What’s so interesting about this whole embattlement between Vidal and Buckley is that it is still only the 1960s. Stonewall had not yet happened when Vidal and Buckley had their first tiff and was just a month passed when Esquire published Buckley’s essay. (One wonders if the event had even resonated in those quarters yet.) So for Vidal to be so flagrantly out–and the tall, handsome Vidal wasn’t flamboyant like Capote with the scarves and the fedoras–was quite extraordinary. As was Buckley’s concomitant homophobic backlash.
Vidal had always acknowledged having had affairs with both women and men and had said repeatedly that he believed all people were basically bisexual. He had some notable affairs with female actresses and was engaged briefly to Joanne Woodward prior to her marriage to Paul Newman. Then in 1950, Vidal met Howard Austen, with whom he lived until Austen’s death in 2003 and with whom he will be buried. (Vidal said repeatedly that the key to a long and happy relationship was to remove the sexual aspect. So while he had an initial sexual relationship with Austen, as he details in Palimpsest, he did not continue that once they began living together. Nevertheless, Vidal describes Austen’s passing in a poignant essay which defines the love the two shared.)
At other points, however, Vidal declared that the one true love of his life was James “Jimmy” Trimble, III, who he met while at Exeter when Trimble was a star athlete. Trimble was killed in the Battle of Iwo Jima in 1945, but it was to him Vidal dedicated his novel The City and the Pillar. (Teenage love does resonate; Vidal was 19 when Trimble was killed at 20.) Many commentators on Vidal have suggested that it was the death of Trimble that turned Vidal fanatically anti-war. (In a BBC interview from 2004 that was excerpted on BBC World News on Aug. 1, Vidal slams then-President George W. Bush for his warmongering. He also does a deft and blisteringly vicious imitation of Bush. In 2002, he published “Dreaming War: Blood for Oil and the Cheney-Bush Junta.” He was definitely not a fan. And of Obama he would explain that he regretted his previous support–holding many of the same complaints about Obama as he had about Bush, although he stopped short of calling him a war criminal as he had Bush.)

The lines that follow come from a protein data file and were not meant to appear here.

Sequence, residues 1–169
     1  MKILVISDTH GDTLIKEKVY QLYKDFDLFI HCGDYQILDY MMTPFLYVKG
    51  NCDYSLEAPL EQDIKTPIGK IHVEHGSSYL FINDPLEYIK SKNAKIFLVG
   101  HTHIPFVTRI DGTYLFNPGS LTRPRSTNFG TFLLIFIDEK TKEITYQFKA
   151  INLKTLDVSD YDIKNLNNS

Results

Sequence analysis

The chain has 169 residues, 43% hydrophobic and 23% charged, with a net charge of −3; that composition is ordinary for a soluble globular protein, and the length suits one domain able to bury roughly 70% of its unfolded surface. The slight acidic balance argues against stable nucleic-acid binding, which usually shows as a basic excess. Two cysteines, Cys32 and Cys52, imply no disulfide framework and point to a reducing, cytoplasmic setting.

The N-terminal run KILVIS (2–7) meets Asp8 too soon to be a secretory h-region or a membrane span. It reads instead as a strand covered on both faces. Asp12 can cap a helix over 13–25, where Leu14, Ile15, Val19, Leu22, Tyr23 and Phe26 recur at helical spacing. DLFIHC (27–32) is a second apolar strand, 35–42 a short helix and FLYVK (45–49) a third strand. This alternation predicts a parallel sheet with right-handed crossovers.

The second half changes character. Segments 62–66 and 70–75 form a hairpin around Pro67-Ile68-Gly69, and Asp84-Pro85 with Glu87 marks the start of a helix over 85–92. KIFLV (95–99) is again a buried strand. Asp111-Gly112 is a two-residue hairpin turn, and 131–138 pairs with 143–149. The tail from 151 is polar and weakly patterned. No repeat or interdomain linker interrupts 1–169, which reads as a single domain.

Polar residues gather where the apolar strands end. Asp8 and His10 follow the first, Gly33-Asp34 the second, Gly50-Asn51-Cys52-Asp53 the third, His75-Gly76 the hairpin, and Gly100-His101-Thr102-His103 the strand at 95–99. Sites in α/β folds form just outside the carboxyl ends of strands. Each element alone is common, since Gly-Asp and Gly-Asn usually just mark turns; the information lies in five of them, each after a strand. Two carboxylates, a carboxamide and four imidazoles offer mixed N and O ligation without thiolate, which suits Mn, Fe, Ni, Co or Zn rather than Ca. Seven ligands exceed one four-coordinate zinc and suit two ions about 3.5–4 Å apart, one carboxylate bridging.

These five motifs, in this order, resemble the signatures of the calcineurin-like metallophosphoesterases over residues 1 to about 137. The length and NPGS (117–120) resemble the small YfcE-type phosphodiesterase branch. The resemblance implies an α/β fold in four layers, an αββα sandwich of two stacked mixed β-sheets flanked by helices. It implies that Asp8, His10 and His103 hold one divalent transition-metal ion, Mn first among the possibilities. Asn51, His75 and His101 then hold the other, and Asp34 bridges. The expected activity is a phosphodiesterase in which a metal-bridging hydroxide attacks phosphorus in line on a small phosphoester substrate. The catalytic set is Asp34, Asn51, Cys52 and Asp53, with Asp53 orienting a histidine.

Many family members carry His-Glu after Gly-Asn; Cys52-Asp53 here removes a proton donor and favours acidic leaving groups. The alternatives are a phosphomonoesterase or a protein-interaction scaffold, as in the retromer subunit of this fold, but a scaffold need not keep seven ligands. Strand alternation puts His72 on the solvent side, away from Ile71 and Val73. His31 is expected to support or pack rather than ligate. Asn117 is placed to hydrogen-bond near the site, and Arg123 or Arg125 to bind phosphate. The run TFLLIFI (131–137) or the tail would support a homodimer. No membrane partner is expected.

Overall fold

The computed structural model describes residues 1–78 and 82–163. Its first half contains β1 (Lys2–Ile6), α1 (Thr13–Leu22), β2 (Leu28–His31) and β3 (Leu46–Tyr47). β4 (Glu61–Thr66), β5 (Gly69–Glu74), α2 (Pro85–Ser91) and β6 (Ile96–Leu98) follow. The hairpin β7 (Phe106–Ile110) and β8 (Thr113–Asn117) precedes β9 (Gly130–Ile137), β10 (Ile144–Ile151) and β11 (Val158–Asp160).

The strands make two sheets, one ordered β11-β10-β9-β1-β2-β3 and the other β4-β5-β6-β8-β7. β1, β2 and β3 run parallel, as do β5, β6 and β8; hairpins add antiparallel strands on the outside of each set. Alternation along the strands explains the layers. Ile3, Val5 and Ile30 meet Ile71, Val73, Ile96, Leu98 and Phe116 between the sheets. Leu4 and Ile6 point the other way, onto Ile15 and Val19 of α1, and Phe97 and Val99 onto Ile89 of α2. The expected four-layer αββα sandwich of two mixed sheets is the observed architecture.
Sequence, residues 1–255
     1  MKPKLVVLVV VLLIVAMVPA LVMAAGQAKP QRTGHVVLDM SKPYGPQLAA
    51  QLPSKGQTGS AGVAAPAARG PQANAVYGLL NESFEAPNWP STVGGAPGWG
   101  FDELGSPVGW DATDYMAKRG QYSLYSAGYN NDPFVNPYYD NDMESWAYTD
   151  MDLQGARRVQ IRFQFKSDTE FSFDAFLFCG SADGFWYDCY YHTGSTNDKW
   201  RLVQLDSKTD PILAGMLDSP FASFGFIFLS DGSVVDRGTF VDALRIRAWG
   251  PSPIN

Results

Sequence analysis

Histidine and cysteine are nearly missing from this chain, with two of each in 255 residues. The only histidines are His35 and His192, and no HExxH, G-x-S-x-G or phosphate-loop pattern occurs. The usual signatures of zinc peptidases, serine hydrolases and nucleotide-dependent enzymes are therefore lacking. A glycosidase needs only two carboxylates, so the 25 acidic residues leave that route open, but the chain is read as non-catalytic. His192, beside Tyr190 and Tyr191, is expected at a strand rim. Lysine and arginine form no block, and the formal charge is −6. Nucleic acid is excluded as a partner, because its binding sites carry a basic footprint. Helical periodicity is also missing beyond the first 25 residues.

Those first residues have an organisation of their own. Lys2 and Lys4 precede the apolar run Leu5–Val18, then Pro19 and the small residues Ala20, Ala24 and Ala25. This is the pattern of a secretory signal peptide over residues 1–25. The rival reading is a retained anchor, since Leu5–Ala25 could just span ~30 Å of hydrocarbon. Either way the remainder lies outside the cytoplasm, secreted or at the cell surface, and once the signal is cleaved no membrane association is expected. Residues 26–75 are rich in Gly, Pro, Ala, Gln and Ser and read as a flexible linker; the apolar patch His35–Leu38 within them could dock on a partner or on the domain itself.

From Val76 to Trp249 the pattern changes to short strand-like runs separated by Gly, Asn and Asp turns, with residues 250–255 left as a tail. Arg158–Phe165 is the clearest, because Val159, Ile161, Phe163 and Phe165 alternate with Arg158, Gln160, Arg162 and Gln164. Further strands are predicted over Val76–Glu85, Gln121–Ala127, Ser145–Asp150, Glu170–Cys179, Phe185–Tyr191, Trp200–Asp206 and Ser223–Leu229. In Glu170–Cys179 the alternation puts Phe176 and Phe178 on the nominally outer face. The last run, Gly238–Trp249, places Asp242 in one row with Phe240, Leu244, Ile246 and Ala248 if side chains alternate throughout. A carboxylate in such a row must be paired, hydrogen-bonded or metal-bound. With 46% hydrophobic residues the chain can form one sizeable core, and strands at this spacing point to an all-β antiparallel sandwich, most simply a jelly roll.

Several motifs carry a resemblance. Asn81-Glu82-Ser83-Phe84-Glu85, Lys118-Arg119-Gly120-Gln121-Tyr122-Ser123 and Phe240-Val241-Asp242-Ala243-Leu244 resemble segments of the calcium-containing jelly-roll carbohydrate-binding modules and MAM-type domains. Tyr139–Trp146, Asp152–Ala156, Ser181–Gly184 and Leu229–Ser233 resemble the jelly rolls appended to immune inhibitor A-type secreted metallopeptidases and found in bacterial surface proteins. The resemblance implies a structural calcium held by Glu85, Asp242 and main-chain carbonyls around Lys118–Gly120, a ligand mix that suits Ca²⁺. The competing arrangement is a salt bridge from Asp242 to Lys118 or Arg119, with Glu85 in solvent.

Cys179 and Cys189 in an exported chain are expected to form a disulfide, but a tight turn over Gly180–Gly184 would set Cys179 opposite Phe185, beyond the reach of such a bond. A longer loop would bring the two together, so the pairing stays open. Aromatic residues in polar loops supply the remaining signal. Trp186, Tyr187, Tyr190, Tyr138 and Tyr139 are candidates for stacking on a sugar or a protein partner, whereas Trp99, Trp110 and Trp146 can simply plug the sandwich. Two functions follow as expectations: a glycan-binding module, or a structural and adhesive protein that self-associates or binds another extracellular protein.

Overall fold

Of all his writing, it was the essays that vaulted Vidal to the forefront of American letters. They are, in a word, monumental. Smart, incisive, often outright brilliant, they comprise the arena in which Vidal was his most forthright and compelling. Yes, the sextet of novels about American history are surprisingly good. But it is the essays (many of which appeared either in Esquire or in the New York Review of Books) that show the breadth and sheer elegance of Vidal’s writing. In his essays he pulls no punches. All the myriad thoughts and ideas and swirling outrages that he experiences, all the endless reading and researching of subjects and history and philosophy and culture, all the intellectual acuity that he was capable of–this is what he brought to his essays. The essays are crisp and refined and almost of another era in their rambling yet honed execution. His forebears, Franklin, Twain, Mencken and Wilson would gladly add him to their ranks. The volume of his essays on sex, Sexually Speaking: Collected Sex Writings (the forthrightness of the title alone is stunning) is devastatingly sharp in how it deconstructs American sexuality. His myriad essays on the death of culture and the rise of American imperialism in the post 9/11 era are startling, whether or not one agrees with them. (Vidal wrote after 9/11 that America had brought the attacks on itself due to our pursuit of Empire.)
Volume after volume on American politics and history resonate deeply and provocatively. He was intensely anti-war and anti-imperialism, yet concomitantly thoroughly engaged as an American; it’s this multiplicity of ideas and feelings and concepts that forms that complex core of his essays.
It’s always a loss when the great die. It’s less of a loss when they die leaving so much of themselves behind. Vidal lived life more fully than most people can ever envision. Despite his assertion of his icy bastardliness as a person, his work shines and pivots, sparkles and entrances. Vidal left us with the goods, the decanted best of himself–the words, the ideas, the polemics, the quippery, the wit, the research, the thoroughness, the elegance. It’s all there. The sum of the parts equals a pretty ecstatically brilliant whole. Thus the sadness in his passing is mostly in knowing that this is finite: there will never be more. So we must just revel in what we have. And that is, luckily for us, plenty indeed.
(Photo via AP)